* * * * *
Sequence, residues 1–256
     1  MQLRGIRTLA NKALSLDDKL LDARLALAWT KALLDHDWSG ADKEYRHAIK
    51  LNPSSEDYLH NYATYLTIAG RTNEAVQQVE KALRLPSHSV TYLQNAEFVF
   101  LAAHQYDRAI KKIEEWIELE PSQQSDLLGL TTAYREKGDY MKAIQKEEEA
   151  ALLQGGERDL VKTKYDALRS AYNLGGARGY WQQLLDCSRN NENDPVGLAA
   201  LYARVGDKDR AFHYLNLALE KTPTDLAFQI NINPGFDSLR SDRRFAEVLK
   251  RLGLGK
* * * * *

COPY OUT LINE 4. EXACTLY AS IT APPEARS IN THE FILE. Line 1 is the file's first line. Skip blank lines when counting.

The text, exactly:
   101  LAAHQYDRAI KKIEEWIELE PSQQSDLLGL TTAYREKGDY MKAIQKEEEA